|Thursday, March 10, 2016 10:30 AM- -|
Hindsight is a wonderful tool that we often use in analyzing sports. If we had the benefit of hindsight in life, we all would make better decisions. But after going to the Clemson baseball game and watching the Tiger basketball game last night, in hindsight maybe we should have seen both surprising endings coming. It is easy to say afterwords, but the baseball team still looked very relaxed last night despite being down two runs entering the ninth inning. Meanwhile, the basketball team appeared tight as their 18-point lead was slowing disappearing. I have learned to appreciate the concept of body language. I used to not put a lot of stock into it, but in the last three or four years I have paid more attention to it. I find it to be a valuable.
Hindsight is a wonderful tool that we often use in analyzing sports. If we had the benefit of hindsight in life, we all would make better decisions. But after going to the Clemson baseball game and watching the Tiger basketball game last night, in hindsight maybe we should have seen both surprising endings coming.
It is easy to say afterwords, but the baseball team still looked very relaxed last night despite being down two runs entering the ninth inning. Meanwhile, the basketball team appeared tight as their 18-point lead was slowing disappearing.
I have learned to appreciate the concept of body language. I used to not put a lot of stock into it, but in the last three or four years I have paid more attention to it. I find it to be a valuable.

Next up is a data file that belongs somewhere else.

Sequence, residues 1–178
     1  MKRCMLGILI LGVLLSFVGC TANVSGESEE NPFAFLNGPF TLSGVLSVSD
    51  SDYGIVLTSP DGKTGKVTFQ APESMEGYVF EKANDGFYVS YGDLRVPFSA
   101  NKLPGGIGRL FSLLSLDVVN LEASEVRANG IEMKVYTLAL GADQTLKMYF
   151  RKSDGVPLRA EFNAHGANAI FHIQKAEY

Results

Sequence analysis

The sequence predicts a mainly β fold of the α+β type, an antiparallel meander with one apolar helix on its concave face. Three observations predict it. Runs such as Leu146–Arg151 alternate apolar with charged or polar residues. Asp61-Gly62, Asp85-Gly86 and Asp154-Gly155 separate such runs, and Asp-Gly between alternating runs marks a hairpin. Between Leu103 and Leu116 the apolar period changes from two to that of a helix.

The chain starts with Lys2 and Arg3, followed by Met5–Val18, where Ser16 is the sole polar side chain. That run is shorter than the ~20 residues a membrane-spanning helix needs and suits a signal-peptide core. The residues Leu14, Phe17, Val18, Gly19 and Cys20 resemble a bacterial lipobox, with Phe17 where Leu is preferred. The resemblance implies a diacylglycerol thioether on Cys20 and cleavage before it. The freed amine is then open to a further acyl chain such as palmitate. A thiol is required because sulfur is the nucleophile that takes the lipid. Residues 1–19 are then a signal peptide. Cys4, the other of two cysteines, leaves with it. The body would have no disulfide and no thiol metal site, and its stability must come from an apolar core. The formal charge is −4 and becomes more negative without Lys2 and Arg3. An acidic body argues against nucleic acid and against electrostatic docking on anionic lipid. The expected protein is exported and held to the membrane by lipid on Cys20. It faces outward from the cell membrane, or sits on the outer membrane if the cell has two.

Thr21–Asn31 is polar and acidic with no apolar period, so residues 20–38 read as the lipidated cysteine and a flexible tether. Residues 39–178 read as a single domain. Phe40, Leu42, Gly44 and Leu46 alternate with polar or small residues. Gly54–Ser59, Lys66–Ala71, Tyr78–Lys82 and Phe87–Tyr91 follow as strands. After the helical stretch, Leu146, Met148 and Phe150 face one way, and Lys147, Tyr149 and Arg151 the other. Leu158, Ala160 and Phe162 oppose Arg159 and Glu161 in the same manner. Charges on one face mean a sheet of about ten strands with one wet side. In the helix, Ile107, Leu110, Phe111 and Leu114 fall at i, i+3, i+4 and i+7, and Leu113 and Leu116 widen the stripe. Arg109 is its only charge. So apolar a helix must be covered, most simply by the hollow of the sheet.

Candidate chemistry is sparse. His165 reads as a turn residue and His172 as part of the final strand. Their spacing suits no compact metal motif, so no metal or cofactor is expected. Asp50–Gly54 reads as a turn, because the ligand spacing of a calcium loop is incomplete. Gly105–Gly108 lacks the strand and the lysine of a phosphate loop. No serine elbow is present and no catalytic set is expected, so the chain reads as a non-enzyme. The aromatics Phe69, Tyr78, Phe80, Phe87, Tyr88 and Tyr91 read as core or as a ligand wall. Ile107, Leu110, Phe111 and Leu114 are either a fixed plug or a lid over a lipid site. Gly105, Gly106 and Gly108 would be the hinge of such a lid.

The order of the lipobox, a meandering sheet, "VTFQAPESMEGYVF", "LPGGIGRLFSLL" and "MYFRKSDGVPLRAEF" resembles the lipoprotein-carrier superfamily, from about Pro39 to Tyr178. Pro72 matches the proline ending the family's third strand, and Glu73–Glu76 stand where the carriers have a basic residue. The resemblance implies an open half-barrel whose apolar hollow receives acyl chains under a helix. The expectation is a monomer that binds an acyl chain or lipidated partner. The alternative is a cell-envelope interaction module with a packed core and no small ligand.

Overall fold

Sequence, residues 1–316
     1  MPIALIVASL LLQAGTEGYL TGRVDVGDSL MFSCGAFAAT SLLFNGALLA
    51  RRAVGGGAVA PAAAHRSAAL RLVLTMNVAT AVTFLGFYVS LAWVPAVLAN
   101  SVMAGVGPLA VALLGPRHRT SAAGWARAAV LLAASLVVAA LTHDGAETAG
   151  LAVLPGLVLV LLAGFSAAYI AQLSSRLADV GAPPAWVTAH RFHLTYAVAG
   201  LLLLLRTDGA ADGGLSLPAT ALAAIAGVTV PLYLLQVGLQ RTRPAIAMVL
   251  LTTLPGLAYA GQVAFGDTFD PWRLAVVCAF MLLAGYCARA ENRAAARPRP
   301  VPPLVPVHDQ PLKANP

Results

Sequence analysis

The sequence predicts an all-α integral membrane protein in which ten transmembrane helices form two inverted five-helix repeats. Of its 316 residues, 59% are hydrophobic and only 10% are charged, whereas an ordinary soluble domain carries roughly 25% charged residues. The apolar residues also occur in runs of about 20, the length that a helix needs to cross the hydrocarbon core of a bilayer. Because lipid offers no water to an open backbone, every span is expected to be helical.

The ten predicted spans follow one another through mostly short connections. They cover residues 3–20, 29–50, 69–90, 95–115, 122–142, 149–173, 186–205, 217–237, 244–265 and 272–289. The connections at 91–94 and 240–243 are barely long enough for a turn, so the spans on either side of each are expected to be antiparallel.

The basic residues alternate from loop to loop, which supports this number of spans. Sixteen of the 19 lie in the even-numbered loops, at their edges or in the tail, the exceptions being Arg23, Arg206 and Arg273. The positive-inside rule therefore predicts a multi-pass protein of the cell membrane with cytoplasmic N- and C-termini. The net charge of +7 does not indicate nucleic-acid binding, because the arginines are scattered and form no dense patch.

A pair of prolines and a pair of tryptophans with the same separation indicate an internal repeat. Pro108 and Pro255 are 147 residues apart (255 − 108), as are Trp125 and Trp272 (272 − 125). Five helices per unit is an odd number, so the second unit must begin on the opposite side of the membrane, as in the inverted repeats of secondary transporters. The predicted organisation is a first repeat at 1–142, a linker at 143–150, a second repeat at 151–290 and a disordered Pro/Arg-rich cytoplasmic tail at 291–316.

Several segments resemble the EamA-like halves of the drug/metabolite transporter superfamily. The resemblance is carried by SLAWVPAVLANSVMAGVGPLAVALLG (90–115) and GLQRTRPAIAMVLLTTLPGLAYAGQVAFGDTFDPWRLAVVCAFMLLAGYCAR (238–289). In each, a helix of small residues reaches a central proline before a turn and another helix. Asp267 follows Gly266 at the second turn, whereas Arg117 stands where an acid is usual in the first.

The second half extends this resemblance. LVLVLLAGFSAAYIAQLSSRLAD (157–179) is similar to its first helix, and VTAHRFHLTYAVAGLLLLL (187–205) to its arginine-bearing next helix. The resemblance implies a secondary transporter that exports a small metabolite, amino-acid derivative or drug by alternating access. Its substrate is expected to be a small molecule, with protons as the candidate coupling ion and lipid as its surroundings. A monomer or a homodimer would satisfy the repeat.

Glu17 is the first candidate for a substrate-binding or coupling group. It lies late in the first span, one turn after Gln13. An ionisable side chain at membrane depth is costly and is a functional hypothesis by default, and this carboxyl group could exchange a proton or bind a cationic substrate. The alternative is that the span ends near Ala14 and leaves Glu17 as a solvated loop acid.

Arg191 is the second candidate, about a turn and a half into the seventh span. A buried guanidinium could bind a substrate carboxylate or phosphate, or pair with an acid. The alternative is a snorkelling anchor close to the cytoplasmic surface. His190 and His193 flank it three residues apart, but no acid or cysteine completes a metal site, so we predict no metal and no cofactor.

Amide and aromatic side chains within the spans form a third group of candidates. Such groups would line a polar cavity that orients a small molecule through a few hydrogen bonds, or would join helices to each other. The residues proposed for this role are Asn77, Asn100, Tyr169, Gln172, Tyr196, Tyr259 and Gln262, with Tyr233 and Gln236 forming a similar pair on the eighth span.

As humans, we are at our best we are relaxed and confident. Our body language says a lot about how we are feeling about ourselves. Go back and watch a replay of the players' body language in both sports from yesterday. Watch their facial expressions. Check out the look in their eyes.
One team had no panic and appeared to still be in control of their situation despite the scoreboard. They other lost control of the game and lost confidence in themselves.
Confidence is perhaps most important when adversity strikes. I watched Seth Beer walk to the plate in the calmest stroll yesterday in the bottom of the ninth and down two runs. I haven't seen him a lot since he has only played in 11 games in his college career so far, but he arrives at the plate with a calm demeanor. He is 18 years old and should still be in high school, but the moment is not too big for him. He responded with a game-typing double off of the wall. Notice it the next time you are at the ball park. Notice his sense of confidence and how calm he appears.
Then go back and watch a replay of the basketball game. Free throws and easy shots ended up short on the front side of the rim. To me that is a sign of tightness. Watch the body language. Watch panic set in. I think last night was a result from the earlier collapse at Georgia Tech just a few weeks ago. Clemson players had a look about them that screamed, "Here we go again."
When Deshaun Watson entered his first college game in front of 90,000 in Athens, GA, he looked calm and ended up hitting Charone Peake on a beautiful touchdown pass. His body language exudes confidence.
Yesterday we saw two teams with two different starts and two different endings. It may be hard to compare a mid-week baseball game against Winthrop to an ACC basketball tournament game against Georgia Tech. But the players in each contest were trying their best no matter what was at stake.
In the end, we saw two different mindsets. Maybe it's easier to hunt than it is to be hunted. Maybe baseball is easier to relax than basketball. All of that aside, last night was a great example of how two teams closed out their games and how two teams felt about themselves.
The Brad Hughes All-State Insurance Agency
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